Our trip to Brazil taught Dru and me to trust God more, allowing him to be in control, enjoying the flow of the journey as he pours into us and then overflows into the lives of others.

Read the rest of the posts in this series on Brazil HERE

Trying Hard in the Spiritual Life: Rx for Burnout?

As Christ-following leaders–of small groups, ministries, churches, families, businesses, ourselves–we know that our relationship with God must come first. If we spend time with him, committed to walking with him, seeking him, and putting his kingdom first, he will take care of everything else and will overflow through us into the lives of those we lead.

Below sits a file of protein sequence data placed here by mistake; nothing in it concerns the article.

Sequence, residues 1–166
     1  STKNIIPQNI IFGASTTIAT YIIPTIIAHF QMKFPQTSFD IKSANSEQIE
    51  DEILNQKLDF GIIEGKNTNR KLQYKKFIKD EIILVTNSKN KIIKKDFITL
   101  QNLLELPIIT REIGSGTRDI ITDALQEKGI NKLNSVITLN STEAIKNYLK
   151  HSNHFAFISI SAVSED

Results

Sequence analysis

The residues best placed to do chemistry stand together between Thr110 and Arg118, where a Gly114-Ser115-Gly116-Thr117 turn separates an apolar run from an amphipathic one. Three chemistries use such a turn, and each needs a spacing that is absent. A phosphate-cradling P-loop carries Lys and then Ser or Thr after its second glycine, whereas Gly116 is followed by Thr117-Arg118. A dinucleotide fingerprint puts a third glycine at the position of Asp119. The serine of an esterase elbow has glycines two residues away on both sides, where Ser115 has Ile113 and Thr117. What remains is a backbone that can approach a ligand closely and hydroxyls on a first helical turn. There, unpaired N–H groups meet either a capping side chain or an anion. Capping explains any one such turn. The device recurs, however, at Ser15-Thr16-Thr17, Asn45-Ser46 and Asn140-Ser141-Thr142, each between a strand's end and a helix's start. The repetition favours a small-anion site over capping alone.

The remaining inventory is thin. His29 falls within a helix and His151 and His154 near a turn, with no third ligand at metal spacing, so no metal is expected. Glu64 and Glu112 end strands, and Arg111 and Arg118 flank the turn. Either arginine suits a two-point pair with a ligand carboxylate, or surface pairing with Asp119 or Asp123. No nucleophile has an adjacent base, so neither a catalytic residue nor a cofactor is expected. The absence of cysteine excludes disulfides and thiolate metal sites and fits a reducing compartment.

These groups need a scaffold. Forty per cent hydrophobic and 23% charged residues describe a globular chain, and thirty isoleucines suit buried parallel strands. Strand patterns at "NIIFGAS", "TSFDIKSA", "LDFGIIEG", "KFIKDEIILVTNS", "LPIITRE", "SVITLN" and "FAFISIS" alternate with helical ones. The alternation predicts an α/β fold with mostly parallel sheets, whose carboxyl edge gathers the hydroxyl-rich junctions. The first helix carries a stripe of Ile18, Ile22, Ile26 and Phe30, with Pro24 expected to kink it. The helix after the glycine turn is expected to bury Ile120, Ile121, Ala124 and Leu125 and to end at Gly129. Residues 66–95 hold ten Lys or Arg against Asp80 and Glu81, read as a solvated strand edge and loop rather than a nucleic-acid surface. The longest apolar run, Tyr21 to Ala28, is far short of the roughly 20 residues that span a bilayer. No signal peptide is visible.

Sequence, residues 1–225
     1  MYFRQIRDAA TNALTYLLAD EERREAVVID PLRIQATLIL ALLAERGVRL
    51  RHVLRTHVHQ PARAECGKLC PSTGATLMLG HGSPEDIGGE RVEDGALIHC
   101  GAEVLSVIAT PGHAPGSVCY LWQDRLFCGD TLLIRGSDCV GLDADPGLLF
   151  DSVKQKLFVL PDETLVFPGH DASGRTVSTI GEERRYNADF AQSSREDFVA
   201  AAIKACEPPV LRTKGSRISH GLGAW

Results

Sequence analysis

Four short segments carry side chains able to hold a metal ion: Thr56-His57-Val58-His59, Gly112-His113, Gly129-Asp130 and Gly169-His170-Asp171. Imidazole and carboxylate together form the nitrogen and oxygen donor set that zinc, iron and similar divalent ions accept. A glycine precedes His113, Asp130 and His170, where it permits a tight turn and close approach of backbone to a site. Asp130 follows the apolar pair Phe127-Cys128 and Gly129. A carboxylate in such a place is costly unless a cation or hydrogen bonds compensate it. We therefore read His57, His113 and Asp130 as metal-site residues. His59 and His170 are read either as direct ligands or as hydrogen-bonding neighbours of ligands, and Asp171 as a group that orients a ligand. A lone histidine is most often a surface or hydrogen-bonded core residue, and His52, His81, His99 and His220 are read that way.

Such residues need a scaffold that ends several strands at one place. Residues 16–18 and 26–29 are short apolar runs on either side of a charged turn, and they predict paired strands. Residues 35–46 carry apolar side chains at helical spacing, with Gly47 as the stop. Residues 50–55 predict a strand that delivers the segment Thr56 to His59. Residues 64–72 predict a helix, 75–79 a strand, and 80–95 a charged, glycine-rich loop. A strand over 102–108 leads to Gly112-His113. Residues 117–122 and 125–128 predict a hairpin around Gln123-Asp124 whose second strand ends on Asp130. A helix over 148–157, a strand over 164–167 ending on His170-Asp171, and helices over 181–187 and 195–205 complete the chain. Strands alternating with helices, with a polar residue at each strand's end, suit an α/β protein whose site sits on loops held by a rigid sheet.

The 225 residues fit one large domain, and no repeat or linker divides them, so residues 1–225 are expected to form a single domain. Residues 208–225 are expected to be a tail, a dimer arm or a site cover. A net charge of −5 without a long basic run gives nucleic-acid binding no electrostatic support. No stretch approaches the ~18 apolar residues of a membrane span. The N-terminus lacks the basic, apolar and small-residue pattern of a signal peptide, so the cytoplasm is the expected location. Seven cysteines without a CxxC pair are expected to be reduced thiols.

We know that, don’t we? But how do we accomplish it?

Psalm 119:9-16 provides an answer, but I think the psalmist missed something. First, read his response:

How can a young person stay pure?
By obeying your word.
I have tried hard to find you—
don’t let me wander from your commands.
I have hidden your word in my heart,
that I might not sin against you.
I praise you, O LORD;
teach me your decrees.
I have recited aloud
all the regulations you have given us.
I have rejoiced in your laws
as much as in riches.
I will study your commandments
and reflect on your ways.
I will delight in your decrees
and not forget your word.

The psalmist shares a number of ways to work at obeying God’s Word, but none of these will bear fruit over the long haul without the indwelling power of the Holy Spirit. Trying harder, by your own human efforts alone, to be a good Christian or a good leader will lead you to burnout and ineffectiveness.